mates all the same. He made me laugh unlike any other. I packed his bags
whenever we went on vacation. We had shared a six-hour flight to Boston
together for Thanksgiving break, downing a battery of sedatives and Jack
and Diets until Dustin was calling the stewardess "Waitress!"
and the sour-faced wench threatened to revoke our future American Airlines
flying privileges. We once spent a night in prison (dont ask). Dustin
and I had history behind us. Which is why, despite the fact that he often
used me as a puss magnet when most of my girlfriends found his prosaic
flirting tactics socially reprehensible-"Hes an asshole,"
they would saywe remained thick as thieves. -His goal of course:
To steal Kayla away from me.
But for Kayla it was different. Guys like Dustin didnt make Kayla
nervous. Guys with flippy hair and attitude and who tried really hard
to impress the girls. Guys who wore cologne. And those bowling shirts
with the pockets embroidered with forged names like Chip and Duke that
Dustin and all the so-called "cool" kids in Hollywood were wearing,
she just couldnt stand them. She thought the whole scene detestable.
Another reason that Dustin adored her.
"He tries so hard," Kayla once commented. "Its almost
as if hes not a real person."
Kayla loathed the fact that there were people out there in the world,
people like Dustin, who fawned all over her because of the way she looked,
regardless of the fact that she paid them less attention than she would
a mail solicitation for a new credit card. For most of her waking existence,
she ignored Dustin. Why, if it werent for the fact that I had invited
Kayla to play tennis with us, she would have never deigned to privilege
Dustin with her distinguished company. It wasnt that she was a snob.
No, everybody else, they were the snobs. Kayla was the one who recognized
superficiality in the world and was (my own psychological deduction of
sorts) plagued by deep-seated feelings of guilt because she knew she was
the object, and target, of this callow shallowness.
And so, as a small but significant act of rebellion, rather than rejoice
with the Beautiful People of the World, Kayla sided instead with those
not quite so genetically blessed. She understood that in many respects
she was luckier than most, and that life would always be a little bit
easier for her. So she turned societys social standards on its collective
head. She made a choice to support and defend and befriend the individuals
upon whom positive attention was not showered. It was a game she played,
a way to get back at anybody and everybody who placed a disproportionate
importance on external attributes. Dustin, with all of his feeble attempts
to impress Kayla, with his bottles of twenty-dollar salon shampoo and
tubes of sticky hair gel, didnt understand that this was exactly
the reason why she hated him. Kayla was more likely to date the bespectacled
captain of the math team than a guy like Dustin. Even Ryan Samuels, Creative
Executive at Sony Pictures and Kaylas six-figure-a-year fianceé,
was an emaciated beanpole of a guy who ascribed to a style of nerdy chicoversized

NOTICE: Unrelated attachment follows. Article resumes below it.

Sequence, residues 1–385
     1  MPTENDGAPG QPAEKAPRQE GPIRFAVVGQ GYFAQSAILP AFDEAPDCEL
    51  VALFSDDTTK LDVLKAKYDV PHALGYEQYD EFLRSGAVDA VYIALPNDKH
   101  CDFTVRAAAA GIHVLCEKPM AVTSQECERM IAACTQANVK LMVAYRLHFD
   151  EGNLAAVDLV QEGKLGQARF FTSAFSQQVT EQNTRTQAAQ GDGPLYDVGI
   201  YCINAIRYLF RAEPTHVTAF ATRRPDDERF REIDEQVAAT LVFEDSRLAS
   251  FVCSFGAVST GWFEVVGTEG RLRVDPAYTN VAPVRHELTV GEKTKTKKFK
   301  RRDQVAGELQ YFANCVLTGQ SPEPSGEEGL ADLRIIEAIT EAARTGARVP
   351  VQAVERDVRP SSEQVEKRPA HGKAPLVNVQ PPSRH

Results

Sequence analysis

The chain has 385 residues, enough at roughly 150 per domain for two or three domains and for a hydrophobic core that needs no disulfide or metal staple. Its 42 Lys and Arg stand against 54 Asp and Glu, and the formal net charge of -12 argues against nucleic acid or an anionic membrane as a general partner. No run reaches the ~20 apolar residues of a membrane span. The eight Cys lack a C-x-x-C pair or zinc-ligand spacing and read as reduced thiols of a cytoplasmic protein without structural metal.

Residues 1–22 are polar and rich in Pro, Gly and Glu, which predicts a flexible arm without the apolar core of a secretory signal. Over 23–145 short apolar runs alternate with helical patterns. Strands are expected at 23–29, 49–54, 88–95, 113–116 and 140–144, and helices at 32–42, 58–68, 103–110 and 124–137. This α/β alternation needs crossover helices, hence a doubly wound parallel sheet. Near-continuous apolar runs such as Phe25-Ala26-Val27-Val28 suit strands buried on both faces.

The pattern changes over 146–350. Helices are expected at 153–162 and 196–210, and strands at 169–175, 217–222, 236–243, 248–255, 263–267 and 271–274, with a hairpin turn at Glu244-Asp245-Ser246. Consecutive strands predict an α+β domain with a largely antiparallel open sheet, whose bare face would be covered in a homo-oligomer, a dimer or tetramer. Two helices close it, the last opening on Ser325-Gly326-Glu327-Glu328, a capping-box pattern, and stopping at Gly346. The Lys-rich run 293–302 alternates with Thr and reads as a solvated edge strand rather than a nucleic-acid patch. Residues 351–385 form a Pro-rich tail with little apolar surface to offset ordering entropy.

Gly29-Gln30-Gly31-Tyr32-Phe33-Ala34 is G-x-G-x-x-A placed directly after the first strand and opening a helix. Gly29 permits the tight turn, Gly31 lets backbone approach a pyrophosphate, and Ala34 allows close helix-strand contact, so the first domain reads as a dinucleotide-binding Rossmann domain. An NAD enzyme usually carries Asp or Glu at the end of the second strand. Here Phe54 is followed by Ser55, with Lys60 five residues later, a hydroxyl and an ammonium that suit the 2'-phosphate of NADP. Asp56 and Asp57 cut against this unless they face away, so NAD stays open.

cords, old-school sneakers, round horn-rimmed glasses. Ryan was all bones
and angles and had residual facial acne from seventh grade. If you were
a hunk you didnt have a chance in hell with Kayla. Frankly, I think
Kayla felt more akin to those gawky, clumsy souls of the universe, the
math nerds, the chemistry club members. "Im like a geek in
the body of a porn star," she once confided to me, the only time
Id ever heard her make mention of her Barbie-esque measurements.
She didnt need to. I dont think it occurred to her that her
situation was anything of which to be proud. Mostly, I think, she considered
her beauty a burden.
"Ive lost more girlfriends because of the way I look then Ive
gained boyfriends," she once said to me.
Yes, life for a modern day Helen of Troy was not perfect. There were loads
of social drawbacks to being beloved and coveted, but Kayla took them
all in stride. She recognized the fact that a great deal of her appeal
came from not knowingor at least not acknowledging in publichow
beautiful she actually was. She was never entitled to admit that she thought
she was pretty. "Whats great about Kayla," Dustin would
often gush, "is that she has no idea how hot she is." What he
didnt realize was that the reason Kayla had no idea how great looking
she was was because the entire world kept telling her how great looking
she was. Ironically, she would have had more confidence had there been
a person or two who called her ugly.
Kaylas confidence was never encouraged because everyone simply assumed
she had an over abundance, which was not necessarily the case. Kayla could
be hypercritical of her oft discussed and analyzed frame (which cut a
perfect figure eight), and was practically obsessed with her twice-a-month
facials (she had a tendency to break out around her chin just before and
after her period), and she hated the size of her forehead, hiding it behind
her chunky, blond bangs, which she also hated. On a deeper level, she
also bemoaned the fact that she never completely figured out what it was
she wanted to be when she grew up, and flitted aimlessly from job to job.
But despite her self-criticism, she was not allowed to complain, for the
common reaction was one of bitter resentment paired with flippant disbelief:
"Puleeease, as if you really think youre ugly." Kayla
couldnt win. She could neither express discontent nor admit to feeling
beautiful. "But you are beautiful," I would often tell her.
"Everybody thinks so." But by the way she shrugged and flicked
her delicately thin wrist, I could tell she didnt believe me. After
all, when the whole world thinks youre beautiful of what value can
its praise possibly be?
"Do you want to play again?" Dustin asked Kayla. "A rematch?
See if this time I can whip your butt?"
She ignored him.
"Do you want to play?" Kayla asked me, ever more loyal to her
girl friends than the never-ending procession of imbecilic swains eager
for her attention.
"No," I said, my voice infused with an urgency I prayed went
undetected. I did not want to fill her Adidas sneakers, to take over her
position, to be in any way compared to the guise of graceful loveliness
she cut out there on the court. Dustin didnt want me, and his expression